Spin Doctors: Roddy White vs. Julio Jones

Scott Pianowski

What you are about to see is real. The participants are not actors. They are actual litigants with a case pending in an international fantasy court. Both parties have agreed to dismiss their pending case and have their dispute settled here … in our forum … The Yahoo! court.

Ready for a down-home tussle in Hot 'Lanta? Let's sort through this wide receiver thing - Roddy White against Julio Jones. Here's hoping for a smooth resolution: Andre Rison tried to storm the courthouse last week. Scott Pianowski gets the first argument, then Brad Evans will offer his rebuttal.

Pianow approaches the lecturn: Before we get to the tussle at hand, I want to make it clear what we're debating. Today's assignment is not to determine who the better value is between Roddy White and Julio Jones. This isn't the Price Is Right; we're not trying to make it to the Showcase Showdown. The job is to determine which player we'd prefer in a vacuum, all else equal, at the same cost. And with that in mind, the right answer has to be Roddy White.

One of the worst things a fantasy footballer can do is listen too intently to the spring propaganda, the days of the good round coin. Teams love to put their best foot forward in the media, suggest breakouts here and strategy shifts there. Perhaps it's a way to motivate a player, or maybe they're looking to throw a false angle at an opponent. And sometimes it might be a case of a team using rose-colored glasses on its scheme and personnel. (Sidebar: ignore every run-run-run spin you hear from Pittsburgh camp. When the bullets are flying in real action, I'm expecting the Ben Roethlisberger/Todd Haley aerial circus.)

The Falcons are talking up Jones in Year 2, and his expected spike might come at the cost of White's workload. So noted; I'll jot that down on my clipboard and see if the sirens are still singing in August. As much as I love Jones's talent and upside (and it's not like I'm against the idea of drafting him), I can't ignore how Matt Ryan tends to lock in on White in a key spot. White has led the NFL in targets each of the last two years, and more than anything else, opportunity drives the values of elite wideouts. No target, no triumph.

Consistency is a wonderful thing in our fantasy world and White is here to bring it. He's never missed a game in his seven pro seasons (we already can't say that about Jones), and his worst fantasy season in the last five still graded out well (he's ranked 14th, 6th, 7th, 3rd and 8th over the last five years, basic scoring). There's a time and a place to take a swing at the upside of Jones, but please don't do it if White is still on the board. Superstar consistency is a wonderful thing. Billy, don't be a hero. Your honor, please dismiss this ridiculous case.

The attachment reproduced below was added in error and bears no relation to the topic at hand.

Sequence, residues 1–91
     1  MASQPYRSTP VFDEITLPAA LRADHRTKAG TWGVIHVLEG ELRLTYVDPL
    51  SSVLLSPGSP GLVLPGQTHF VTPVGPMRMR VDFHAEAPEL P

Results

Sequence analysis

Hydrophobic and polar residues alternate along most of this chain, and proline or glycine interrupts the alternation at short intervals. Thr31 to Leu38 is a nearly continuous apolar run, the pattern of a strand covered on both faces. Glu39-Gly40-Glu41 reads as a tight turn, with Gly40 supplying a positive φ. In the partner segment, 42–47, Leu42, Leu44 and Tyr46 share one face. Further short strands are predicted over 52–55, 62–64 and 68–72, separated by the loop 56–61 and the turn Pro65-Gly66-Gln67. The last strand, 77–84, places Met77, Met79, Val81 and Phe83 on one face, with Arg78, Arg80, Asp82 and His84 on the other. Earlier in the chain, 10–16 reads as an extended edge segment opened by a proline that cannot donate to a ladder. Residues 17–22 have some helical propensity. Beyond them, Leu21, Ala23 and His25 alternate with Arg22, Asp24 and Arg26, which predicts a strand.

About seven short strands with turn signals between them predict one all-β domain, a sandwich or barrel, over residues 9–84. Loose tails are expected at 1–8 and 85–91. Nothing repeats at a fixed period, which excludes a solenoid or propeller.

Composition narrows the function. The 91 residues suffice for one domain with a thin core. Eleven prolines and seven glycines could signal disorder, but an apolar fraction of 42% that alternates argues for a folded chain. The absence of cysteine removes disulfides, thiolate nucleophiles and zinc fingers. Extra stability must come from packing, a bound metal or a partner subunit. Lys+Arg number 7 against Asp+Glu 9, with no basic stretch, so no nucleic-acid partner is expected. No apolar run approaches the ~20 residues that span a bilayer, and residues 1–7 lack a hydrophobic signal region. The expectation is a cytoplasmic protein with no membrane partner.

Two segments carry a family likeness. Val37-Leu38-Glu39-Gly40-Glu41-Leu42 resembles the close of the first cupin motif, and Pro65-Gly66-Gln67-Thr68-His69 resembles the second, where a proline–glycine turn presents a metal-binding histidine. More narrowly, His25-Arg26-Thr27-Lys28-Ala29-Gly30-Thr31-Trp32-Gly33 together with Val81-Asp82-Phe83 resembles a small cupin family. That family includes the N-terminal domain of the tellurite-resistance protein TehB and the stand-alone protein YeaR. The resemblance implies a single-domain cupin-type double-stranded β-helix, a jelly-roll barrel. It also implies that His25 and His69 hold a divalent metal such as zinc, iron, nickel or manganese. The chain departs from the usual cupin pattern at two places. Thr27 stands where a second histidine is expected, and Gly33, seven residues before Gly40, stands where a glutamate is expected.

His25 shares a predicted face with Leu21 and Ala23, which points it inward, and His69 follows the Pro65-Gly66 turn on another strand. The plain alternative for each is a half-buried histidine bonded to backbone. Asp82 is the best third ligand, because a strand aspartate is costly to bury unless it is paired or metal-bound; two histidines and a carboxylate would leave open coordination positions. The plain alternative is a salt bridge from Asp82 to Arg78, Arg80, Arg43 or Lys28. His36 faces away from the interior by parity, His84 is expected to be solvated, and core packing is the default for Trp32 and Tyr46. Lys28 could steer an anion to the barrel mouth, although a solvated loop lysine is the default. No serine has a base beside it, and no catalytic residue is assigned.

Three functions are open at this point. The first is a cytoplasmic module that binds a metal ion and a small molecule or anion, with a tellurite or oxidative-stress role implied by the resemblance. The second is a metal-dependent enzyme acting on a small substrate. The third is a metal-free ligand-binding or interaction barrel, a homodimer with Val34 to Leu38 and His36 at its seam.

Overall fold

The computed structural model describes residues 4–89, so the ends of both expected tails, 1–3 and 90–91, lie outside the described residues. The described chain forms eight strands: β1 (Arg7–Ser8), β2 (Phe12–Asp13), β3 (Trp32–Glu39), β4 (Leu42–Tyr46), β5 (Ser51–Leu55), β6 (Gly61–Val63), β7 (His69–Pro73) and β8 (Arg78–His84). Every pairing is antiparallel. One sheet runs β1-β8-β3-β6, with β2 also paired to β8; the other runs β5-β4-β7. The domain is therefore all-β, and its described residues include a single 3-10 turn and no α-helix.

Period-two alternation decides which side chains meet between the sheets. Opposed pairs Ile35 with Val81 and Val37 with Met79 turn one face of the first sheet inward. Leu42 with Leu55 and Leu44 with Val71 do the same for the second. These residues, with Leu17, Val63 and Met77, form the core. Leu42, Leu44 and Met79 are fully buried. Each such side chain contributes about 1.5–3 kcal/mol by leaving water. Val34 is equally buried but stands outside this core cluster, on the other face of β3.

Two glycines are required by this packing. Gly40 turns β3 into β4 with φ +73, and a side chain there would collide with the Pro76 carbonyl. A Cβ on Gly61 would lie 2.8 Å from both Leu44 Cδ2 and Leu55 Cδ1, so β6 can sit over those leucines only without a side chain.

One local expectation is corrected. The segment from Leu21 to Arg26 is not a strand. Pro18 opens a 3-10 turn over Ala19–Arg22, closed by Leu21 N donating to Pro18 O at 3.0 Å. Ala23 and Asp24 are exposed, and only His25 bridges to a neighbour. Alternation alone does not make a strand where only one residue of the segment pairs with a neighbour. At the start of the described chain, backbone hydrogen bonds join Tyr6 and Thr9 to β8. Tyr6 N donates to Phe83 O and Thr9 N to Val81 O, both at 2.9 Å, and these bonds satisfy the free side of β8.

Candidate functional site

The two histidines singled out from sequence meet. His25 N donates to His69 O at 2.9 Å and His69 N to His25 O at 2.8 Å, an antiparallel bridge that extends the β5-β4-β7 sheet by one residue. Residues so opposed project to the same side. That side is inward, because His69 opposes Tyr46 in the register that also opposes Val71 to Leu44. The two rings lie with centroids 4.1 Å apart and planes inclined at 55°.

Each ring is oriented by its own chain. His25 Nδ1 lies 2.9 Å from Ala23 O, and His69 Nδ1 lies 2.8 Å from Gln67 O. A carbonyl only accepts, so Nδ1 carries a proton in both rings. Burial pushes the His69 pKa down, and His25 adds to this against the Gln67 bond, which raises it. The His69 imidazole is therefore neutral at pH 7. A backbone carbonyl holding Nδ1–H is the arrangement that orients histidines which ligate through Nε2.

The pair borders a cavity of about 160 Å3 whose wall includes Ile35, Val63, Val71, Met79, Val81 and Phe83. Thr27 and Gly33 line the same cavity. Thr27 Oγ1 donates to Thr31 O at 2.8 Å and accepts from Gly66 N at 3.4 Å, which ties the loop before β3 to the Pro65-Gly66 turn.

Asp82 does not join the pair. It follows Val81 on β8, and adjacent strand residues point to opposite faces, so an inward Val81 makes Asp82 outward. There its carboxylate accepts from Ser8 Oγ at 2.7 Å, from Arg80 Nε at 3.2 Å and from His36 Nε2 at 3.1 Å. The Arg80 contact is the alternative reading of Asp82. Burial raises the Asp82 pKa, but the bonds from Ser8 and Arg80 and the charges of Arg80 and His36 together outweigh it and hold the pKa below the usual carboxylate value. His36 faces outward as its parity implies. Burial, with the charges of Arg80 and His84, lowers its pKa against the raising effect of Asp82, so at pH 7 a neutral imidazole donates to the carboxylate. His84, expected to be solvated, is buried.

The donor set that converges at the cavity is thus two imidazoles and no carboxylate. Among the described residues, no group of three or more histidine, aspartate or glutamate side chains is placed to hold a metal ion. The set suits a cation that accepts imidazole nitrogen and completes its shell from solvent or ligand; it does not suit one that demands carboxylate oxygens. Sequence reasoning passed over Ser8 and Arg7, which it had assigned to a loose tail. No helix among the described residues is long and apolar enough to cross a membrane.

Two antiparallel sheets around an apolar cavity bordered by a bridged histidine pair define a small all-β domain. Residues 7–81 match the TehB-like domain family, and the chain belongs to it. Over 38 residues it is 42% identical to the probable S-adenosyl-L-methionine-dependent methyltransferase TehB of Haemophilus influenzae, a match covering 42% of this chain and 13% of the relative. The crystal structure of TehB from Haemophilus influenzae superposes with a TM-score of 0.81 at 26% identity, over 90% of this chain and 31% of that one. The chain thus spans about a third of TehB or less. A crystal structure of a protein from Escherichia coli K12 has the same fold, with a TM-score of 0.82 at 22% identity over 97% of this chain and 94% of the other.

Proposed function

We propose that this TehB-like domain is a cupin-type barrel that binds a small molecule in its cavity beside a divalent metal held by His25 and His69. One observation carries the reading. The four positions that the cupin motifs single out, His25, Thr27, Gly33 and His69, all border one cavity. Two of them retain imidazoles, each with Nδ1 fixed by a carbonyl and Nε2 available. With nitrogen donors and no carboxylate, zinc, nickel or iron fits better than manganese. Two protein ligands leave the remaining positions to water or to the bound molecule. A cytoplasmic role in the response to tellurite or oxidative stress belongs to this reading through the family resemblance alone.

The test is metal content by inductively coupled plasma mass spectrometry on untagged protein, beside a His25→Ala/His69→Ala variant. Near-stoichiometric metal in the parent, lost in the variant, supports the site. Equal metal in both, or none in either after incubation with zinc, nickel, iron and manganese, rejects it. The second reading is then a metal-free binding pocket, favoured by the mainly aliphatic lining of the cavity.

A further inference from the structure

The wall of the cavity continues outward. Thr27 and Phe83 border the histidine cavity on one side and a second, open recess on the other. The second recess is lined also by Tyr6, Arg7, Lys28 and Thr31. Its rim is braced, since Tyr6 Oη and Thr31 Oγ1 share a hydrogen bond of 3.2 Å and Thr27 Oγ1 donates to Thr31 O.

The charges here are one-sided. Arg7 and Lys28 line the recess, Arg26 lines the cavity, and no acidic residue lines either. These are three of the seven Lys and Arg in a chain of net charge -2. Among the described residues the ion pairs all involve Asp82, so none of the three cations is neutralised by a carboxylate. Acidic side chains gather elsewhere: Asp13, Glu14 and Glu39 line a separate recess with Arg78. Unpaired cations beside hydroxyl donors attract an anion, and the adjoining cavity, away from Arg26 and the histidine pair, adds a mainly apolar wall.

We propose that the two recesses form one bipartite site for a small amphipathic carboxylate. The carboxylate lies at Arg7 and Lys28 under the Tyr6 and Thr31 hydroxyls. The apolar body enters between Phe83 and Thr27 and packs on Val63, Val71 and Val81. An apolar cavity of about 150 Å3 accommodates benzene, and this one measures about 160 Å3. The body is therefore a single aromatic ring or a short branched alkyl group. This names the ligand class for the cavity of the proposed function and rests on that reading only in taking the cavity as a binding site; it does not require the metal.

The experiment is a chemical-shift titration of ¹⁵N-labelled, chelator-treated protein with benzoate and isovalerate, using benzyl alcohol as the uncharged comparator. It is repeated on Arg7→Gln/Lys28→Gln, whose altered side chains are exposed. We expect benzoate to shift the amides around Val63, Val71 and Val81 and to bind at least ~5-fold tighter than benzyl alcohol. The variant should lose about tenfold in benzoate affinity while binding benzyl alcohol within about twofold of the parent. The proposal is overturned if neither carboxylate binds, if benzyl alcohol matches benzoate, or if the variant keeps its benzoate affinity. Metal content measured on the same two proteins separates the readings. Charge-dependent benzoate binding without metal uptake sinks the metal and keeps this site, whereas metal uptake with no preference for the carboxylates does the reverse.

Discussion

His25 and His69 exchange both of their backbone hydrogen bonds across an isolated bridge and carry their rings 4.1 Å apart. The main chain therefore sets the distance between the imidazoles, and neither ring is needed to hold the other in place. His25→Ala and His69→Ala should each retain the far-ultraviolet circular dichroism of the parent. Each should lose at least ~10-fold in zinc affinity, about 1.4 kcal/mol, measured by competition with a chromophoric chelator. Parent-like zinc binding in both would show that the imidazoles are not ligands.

Yahoo! Noise objects: Over the past two weeks, Hotlanta has delivered on its name. Numerous accounts from several players, including Roddy White, indicate the Falcons offense is scheduled to undergo a significant makeover, potentially reducing the roles of some of its prominent players.

Diversification is expected to be the emphasis of Dirk Koetter's revamped offensive scheme. The hope: Instead of Ryan consistently zeroing in on White, Jones and slot weapon Harry Douglas are slated to attract more targets. To achieve this, five wide receiver sets, dump-off passes and screens will be stressed, a socialist philosophy that could greatly damper the normally reliable White's fantasy production. Another season of 179 targets is likely farfetched. As the unselfish veteran stated recently, he's willing to sacrifice anything for the betterment of the team. From the Atlanta Journal-Constitution:

"I know that sounds crazy, but we've got other guys out there that can play," White said. " Julio Jones is going to be a big part of the offense this year. Douglas is going to do wonders in the slot. We have to maximize our talent and get the ball in everyone's hands. …"

"There will be a lot of wide receivers out there, tight ends and things like that," White said. "We're going to try to get the ball to the backs in the screen game. We are going to try to get it in everybody's hands."

Roddy is a decorated former All-Pro who is a legit consistency king. But based on his perspective above, it's likely his 2011 campaign is unrepeatable. Though it's only June, to say he's overpriced at his current 28.6 price point (WR6) isn't unreasonable.

Jones is an outstanding talent who possesses the physicality and speed needed to develop into an elite receiver. Of the pair, he is the more fantasy desirable. Recall last year as a rookie, he bested his tag-team partner in per game average (standard leagues) 11.5 to 11.1. With added looks, he could flirt with the position's top-5, making him the better value at an almost identical price.

Gamers, this season, throw back a few shots of Don Julio.